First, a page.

It’s a perfect sunny day in Oxford, North Carolina, and Mara Shelton and her husband, Paul, are rolling up the garage doors that connect their taproom to the patio at
It’s a perfect sunny day in Oxford, North Carolina, and Mara Shelton and her husband, Paul, are rolling up the garage doors that connect their taproom to the patio at Tobacco Wood Brewing Company. The breezy air mixes with friendly voices, live music, and delicious aromas from the barbecue-fusion menu.
Since it opened in 2018, North Carolina’s first female- and veteran-owned brewery has been a gathering place for the community, as well as for visitors making the quick one-hour trip from the Triangle. “We wanted to create a low-key, public house-style pub with big community tables where everyone is welcome and everyone is comfortable,” Mara says.
Today, locals and passersby on nearby I-85 appreciate the brewery’s hometown feel and big-city flavors. In the airy, 2,200-square-foot taproom where they serve 13 of their own beers on tap, a knowledgeable bartender pours pints and beer flights and, with a nudge, will tell the stories behind charming, funky beer names like Rocket Surgery (a juniper Kölsch) and Tar River’s Revenge (a porter).
The Granville experience is an alternative. An alternative to what you have. A yin to the everyday yang. Yet this alternative is not far away, but in your own backyard … steps away.
“Oxford is a great small town,” Mara says. “We all know each other, and we’re all so excited for everything that’s going on and coming up in Granville County.”
Ready for a day trip? In addition to Tobacco Wood’s craft brews and brisket tacos, plan around these can’t-miss events and adventures.
May 16 – September 7
A familiar form takes an unexpectedly eclectic turn at the National Teapot Show. Hosted by Cedar Creek Gallery in Creedmoor from May through September, the curated show displays nearly 200 teapots as imagined by local, regional, and national artists working in pottery, glass, wood, fiber, and mixed media.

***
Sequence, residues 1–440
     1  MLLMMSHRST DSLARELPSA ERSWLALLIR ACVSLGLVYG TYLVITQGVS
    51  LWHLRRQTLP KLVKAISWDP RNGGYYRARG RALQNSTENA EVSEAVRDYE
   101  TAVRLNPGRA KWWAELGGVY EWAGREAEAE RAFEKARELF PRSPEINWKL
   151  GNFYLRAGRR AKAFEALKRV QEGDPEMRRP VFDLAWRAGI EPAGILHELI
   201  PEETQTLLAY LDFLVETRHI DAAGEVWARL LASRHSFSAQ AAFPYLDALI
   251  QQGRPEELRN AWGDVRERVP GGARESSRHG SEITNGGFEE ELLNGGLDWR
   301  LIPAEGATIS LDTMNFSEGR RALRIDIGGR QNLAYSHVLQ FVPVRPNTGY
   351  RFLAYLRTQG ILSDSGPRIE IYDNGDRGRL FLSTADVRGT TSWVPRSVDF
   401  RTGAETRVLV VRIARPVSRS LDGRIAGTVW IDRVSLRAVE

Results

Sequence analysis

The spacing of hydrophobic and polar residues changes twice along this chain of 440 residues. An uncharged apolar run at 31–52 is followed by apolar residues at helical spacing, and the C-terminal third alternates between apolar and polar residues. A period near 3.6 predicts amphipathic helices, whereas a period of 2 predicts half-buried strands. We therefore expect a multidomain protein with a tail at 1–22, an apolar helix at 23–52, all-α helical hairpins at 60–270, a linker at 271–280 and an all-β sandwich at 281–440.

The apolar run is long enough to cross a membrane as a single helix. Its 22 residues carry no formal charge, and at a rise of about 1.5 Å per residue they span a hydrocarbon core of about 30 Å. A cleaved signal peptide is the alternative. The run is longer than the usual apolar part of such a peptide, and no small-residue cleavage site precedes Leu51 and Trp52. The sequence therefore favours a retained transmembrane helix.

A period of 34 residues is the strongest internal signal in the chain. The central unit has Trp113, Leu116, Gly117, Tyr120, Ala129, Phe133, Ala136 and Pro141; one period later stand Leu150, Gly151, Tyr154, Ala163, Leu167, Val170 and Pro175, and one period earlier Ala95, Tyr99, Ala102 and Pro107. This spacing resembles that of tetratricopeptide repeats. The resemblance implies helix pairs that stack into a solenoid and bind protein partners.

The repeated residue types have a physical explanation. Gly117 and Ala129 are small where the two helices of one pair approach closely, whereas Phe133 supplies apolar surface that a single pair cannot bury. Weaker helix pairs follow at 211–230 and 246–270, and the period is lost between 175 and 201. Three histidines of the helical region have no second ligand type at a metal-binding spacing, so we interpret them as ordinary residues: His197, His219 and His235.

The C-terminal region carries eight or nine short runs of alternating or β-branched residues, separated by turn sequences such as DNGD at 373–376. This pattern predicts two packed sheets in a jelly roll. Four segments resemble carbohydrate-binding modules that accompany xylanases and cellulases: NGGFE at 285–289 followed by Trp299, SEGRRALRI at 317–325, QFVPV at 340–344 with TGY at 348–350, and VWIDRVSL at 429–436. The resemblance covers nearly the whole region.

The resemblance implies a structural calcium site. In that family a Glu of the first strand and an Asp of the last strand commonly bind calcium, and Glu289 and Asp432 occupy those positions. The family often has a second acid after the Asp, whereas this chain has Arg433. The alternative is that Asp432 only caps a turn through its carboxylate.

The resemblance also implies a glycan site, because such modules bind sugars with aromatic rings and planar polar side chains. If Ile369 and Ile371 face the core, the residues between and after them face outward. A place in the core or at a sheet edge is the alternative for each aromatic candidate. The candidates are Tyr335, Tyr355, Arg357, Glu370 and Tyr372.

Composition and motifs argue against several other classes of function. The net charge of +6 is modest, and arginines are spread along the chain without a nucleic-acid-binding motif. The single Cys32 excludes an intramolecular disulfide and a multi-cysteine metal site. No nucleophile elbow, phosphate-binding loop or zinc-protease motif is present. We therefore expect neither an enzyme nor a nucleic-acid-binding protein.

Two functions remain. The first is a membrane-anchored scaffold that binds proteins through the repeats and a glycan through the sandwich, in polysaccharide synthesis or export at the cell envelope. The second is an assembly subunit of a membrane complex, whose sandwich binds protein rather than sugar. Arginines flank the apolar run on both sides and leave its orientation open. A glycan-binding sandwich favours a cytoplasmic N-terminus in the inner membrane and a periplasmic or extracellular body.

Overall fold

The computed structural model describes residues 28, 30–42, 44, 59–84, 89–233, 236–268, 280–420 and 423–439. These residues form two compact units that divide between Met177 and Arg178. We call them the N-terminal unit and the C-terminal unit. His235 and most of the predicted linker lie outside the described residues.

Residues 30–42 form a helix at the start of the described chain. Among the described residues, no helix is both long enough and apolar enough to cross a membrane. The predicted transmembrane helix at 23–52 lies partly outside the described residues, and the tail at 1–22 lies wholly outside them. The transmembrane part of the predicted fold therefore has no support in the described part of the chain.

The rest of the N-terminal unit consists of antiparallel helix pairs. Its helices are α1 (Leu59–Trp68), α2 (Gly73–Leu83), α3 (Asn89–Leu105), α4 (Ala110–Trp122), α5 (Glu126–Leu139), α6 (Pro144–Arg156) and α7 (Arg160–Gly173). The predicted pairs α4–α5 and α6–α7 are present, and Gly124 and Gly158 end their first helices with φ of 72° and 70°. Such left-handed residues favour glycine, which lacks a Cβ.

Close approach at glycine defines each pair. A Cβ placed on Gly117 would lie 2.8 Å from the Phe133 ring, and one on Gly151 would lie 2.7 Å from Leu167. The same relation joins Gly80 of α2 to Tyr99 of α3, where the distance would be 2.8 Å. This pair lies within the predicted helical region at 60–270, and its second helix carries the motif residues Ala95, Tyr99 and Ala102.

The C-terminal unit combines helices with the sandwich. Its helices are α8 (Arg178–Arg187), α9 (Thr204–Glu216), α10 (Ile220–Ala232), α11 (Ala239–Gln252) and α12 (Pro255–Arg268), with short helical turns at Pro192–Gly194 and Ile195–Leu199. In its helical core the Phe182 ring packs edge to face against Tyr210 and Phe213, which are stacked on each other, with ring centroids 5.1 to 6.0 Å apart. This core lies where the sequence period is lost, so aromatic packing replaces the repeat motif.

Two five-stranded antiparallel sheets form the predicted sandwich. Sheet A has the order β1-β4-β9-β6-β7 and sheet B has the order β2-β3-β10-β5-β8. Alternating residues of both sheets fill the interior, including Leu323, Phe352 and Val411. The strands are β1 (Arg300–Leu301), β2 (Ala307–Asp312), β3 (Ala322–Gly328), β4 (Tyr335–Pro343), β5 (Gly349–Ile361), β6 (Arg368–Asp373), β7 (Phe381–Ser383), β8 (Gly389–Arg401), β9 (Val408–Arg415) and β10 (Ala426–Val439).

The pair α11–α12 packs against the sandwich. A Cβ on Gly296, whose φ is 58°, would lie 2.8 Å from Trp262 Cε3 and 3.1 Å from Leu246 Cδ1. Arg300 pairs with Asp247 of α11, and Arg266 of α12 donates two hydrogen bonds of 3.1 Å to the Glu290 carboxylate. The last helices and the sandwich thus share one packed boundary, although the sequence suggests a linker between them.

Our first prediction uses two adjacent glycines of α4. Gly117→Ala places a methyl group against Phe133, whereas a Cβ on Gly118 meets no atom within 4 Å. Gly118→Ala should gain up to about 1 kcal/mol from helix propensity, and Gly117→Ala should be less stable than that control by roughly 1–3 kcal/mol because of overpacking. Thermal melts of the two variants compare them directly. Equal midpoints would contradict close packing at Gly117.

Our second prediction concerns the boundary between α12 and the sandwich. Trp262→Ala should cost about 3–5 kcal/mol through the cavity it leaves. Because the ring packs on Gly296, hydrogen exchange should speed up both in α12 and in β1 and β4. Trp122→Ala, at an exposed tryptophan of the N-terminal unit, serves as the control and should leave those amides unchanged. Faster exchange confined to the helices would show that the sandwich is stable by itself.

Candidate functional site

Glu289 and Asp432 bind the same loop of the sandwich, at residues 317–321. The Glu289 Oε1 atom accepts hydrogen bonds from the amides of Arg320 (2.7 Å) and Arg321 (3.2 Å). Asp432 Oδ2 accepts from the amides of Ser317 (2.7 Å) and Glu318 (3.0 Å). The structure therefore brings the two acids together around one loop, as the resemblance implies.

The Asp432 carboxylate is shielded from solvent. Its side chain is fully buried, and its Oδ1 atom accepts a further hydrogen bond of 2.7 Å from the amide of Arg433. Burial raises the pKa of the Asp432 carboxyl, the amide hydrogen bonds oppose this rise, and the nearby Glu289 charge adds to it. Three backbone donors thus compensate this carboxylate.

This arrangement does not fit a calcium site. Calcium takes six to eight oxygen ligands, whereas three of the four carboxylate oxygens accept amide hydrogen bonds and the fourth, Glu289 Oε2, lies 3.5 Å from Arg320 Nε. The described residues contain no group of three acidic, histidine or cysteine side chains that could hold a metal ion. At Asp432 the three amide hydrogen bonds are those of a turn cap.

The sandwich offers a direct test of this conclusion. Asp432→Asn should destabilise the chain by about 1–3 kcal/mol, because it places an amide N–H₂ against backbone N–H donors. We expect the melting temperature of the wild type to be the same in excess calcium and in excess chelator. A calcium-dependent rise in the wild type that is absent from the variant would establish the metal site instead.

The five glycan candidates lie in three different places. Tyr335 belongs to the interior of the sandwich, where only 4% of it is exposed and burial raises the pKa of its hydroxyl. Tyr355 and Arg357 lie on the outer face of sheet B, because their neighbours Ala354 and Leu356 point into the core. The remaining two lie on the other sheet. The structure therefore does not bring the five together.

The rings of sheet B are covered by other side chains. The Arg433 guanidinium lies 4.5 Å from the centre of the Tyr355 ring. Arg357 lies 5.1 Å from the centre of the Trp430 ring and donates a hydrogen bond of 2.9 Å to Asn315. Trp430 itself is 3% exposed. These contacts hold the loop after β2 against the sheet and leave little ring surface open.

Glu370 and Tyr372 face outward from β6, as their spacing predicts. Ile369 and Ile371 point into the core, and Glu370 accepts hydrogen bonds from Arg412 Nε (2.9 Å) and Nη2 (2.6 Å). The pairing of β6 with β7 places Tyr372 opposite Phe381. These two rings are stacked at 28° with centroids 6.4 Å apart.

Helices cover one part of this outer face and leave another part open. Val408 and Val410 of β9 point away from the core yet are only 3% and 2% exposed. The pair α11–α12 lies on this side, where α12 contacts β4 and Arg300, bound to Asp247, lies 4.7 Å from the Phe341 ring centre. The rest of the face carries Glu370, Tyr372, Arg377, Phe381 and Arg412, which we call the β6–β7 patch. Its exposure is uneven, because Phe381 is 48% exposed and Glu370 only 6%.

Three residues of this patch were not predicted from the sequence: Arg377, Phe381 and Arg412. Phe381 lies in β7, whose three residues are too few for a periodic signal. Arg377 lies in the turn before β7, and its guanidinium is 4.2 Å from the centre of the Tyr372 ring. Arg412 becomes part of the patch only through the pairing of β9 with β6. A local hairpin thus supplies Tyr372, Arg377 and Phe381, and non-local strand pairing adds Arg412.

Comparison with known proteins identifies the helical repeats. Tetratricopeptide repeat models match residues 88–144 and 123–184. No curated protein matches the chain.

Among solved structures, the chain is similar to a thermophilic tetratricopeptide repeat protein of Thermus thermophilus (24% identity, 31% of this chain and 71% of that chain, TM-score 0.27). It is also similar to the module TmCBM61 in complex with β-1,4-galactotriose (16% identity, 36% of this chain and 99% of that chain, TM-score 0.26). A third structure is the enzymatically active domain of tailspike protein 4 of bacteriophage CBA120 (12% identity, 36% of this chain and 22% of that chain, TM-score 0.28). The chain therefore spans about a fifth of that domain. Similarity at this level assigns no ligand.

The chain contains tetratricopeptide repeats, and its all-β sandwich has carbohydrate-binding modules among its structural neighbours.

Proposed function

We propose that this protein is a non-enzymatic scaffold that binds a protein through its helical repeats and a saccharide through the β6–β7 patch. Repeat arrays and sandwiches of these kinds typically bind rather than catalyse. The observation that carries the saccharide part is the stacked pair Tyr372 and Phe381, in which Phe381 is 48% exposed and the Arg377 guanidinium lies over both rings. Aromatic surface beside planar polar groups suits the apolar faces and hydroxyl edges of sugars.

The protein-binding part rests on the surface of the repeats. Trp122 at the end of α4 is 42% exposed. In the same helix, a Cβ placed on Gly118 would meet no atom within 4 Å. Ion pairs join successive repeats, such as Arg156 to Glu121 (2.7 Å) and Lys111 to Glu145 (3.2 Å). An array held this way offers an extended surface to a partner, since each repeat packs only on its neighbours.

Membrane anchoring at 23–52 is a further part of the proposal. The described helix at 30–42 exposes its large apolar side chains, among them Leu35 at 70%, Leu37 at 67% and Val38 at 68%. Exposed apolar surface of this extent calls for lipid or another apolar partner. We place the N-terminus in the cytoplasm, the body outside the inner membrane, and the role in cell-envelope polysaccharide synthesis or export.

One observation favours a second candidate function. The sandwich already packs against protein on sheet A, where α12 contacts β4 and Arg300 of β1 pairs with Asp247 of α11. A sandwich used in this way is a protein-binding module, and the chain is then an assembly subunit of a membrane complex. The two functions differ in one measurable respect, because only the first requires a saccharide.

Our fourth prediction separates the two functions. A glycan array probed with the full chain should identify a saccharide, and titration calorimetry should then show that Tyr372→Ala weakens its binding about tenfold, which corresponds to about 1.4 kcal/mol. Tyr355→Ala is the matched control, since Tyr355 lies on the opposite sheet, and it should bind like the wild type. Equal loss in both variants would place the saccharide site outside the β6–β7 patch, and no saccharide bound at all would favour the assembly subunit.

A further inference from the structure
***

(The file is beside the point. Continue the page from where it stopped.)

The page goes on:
“Teapots are found in cultures all over the world,” says gallery manager Jennifer Dolan. “Artists have a lot of freedom to play with the form, from functional to whimsical, but it remains an identifiable, iconic piece.”
In the past, visitors have come from all over the country to see the show, shop for teapot art, and vote for their favorite in the Viewer’s Choice Award. In 2020, the show will open first to an online audience, and then migrate to an in-person exhibit for the remainder of the show.
Some may be surprised by what they see and what they buy. “It’s fun having people coming in that don’t necessarily think, ‘I want to go look at teapots,’” Dolan says. “They are blown away by the talent.”
Any time of year, the Cedar Creek Gallery — located at the edge of the woods down a picturesque country road — is well worth a visit. Founded in 1968 by two potters, Cedar Creek was once an old tobacco field and now serves as a gathering place where craftspeople, potters, and glass blowers hone their crafts in several studios. Plan to spend a couple of hours walking around the grounds and through the gallery, and prepare to be impressed. Many of the represented craftspeople also have permanent collections in the Smithsonian and Mint museums.